Gardening is a fun pastime for some and a chore for others. Aches and pains while gardening can and do happen. Not great for anyone, especially for those that don’t love gardening! Here are seven tips to help prevent aches and pains while gardening
1. Start from a good place
As the saying goes, prevention is better than cure. Keeping fit and healthy will mean that gardening isn’t such a shock to your muscles. Incorporating exercise and stretching into your weekly or daily routine will help you stay fitter and less prone to injury.
2. Warm up your muscles before gardening
Treat gardening as you would any other type of exercise and warm up before you dive in! Remember, gardening uses a lot of different muscles, so be sure to warm up and stretch thoroughly. Common garden injuries include back pain, shoulder pain, neck pain, wrist pain, and knee pain.
3. Be mindful of how you are moving
Gardening involves a lot of different movements that your body may not be used to. From lifting heavy objects such as bags of mulch and flowerpots filled with soil, to bending over digging. If lifting, remember to lift with your knees. If something is too heavy, ask for help. Think about investing in a wagon to move heavy objects from place to place.
Be mindful of how you are leaning when digging holes or weeding. Remember to kneel rather than bending over when you spot a weed. Good posture while gardening is a must to help aches and pains later in the day.
4. Take regular breaks
Don’t be a hero! Gardening is like housework; it is never-ending! You will never be finished, so don’t rush to get your mulch done in one day or weed every flower bed. One of the keys to preventing aches and pains while gardening is knowing your limits. We get the sense of accomplishment of getting all your annuals planted, but you don’t want to end up in pain the next day.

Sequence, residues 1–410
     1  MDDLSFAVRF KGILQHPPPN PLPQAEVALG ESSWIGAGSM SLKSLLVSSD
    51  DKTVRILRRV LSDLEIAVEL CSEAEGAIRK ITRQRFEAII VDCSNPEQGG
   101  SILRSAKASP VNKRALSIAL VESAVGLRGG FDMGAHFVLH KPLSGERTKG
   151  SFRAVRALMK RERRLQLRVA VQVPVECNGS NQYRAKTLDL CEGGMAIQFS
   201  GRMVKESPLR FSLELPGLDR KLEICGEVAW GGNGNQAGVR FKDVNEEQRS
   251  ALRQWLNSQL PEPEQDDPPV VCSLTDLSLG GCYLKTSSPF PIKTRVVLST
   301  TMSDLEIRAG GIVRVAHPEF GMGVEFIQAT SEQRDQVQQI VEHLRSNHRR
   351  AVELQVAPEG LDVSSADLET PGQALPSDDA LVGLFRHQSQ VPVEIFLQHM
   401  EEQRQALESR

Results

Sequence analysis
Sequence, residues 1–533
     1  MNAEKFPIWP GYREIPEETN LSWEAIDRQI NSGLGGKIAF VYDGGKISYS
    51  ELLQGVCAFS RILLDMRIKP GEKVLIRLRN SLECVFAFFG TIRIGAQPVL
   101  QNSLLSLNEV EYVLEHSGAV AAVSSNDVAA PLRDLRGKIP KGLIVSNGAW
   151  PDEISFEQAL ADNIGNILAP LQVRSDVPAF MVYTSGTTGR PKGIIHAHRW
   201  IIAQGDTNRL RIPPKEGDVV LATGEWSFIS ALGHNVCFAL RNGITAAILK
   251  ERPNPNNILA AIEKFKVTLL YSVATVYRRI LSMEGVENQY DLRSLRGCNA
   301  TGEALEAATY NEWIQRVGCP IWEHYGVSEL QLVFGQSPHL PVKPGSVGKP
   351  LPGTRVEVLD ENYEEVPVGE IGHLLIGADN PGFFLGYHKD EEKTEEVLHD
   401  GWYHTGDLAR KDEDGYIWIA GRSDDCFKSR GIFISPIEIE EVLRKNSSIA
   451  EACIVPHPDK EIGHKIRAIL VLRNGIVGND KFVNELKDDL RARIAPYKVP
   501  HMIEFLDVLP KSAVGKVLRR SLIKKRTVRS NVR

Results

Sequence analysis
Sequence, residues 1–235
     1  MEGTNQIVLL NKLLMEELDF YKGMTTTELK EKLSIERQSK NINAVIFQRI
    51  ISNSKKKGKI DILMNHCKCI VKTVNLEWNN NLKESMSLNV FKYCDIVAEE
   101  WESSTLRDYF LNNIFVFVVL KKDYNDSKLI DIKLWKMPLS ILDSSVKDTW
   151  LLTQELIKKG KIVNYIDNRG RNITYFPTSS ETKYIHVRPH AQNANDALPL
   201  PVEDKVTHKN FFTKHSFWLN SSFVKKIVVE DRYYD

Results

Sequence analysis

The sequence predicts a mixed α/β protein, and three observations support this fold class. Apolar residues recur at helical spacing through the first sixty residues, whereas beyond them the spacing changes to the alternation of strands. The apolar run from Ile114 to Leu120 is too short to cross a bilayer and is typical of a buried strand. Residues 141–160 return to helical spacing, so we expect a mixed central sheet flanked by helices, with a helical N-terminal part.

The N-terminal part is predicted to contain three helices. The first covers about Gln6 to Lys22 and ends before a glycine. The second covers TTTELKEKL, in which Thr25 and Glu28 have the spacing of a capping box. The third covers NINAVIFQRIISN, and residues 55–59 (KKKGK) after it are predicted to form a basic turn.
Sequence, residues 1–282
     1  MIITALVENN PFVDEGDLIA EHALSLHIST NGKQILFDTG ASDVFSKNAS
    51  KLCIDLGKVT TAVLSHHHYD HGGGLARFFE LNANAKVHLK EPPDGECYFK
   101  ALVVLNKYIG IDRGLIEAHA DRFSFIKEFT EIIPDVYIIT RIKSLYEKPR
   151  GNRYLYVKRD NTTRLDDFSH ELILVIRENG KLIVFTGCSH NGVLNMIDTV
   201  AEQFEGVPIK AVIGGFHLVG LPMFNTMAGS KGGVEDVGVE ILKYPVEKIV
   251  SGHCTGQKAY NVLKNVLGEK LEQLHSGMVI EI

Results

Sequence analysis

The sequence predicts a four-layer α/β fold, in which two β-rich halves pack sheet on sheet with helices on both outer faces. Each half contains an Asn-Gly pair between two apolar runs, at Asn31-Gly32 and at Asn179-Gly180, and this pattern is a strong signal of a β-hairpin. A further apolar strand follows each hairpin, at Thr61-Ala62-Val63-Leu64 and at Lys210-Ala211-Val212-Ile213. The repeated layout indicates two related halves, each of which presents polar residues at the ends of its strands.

5. Use tools and work smarter
There are so many excellent tools on the market that help to prevent aches and pains while gardening. We found this wonderful article listing nine tools that help, including long-handle weeders and garden kneelers.
6. Get creative
If you do end up with aches and pains each time you garden, then it may be time to get creative. There are many ways to garden. Think raised beds and flower walls. You may love annuals, but moving your garden to mainly shrubs and perennials can reduce how much digging you have to do. Think about planting groundcover plants to help keep weeds at bay. There is nothing wrong with enlisting help. If gardening is something you love, think about farming out some of the more laborious jobs, like mulching.
7. Stretch your muscles afterward
Just as you should warm up before gardening, be sure to cool down and stretch afterward. If you end up with aches and pains that linger on, we advise seeking out chiropractic care. There are many benefits to chiropractic care. Here at Bryn Mawr Wellness, we strive hard to help our patients keep doing the things they love, whether running marathons or tending to their yards.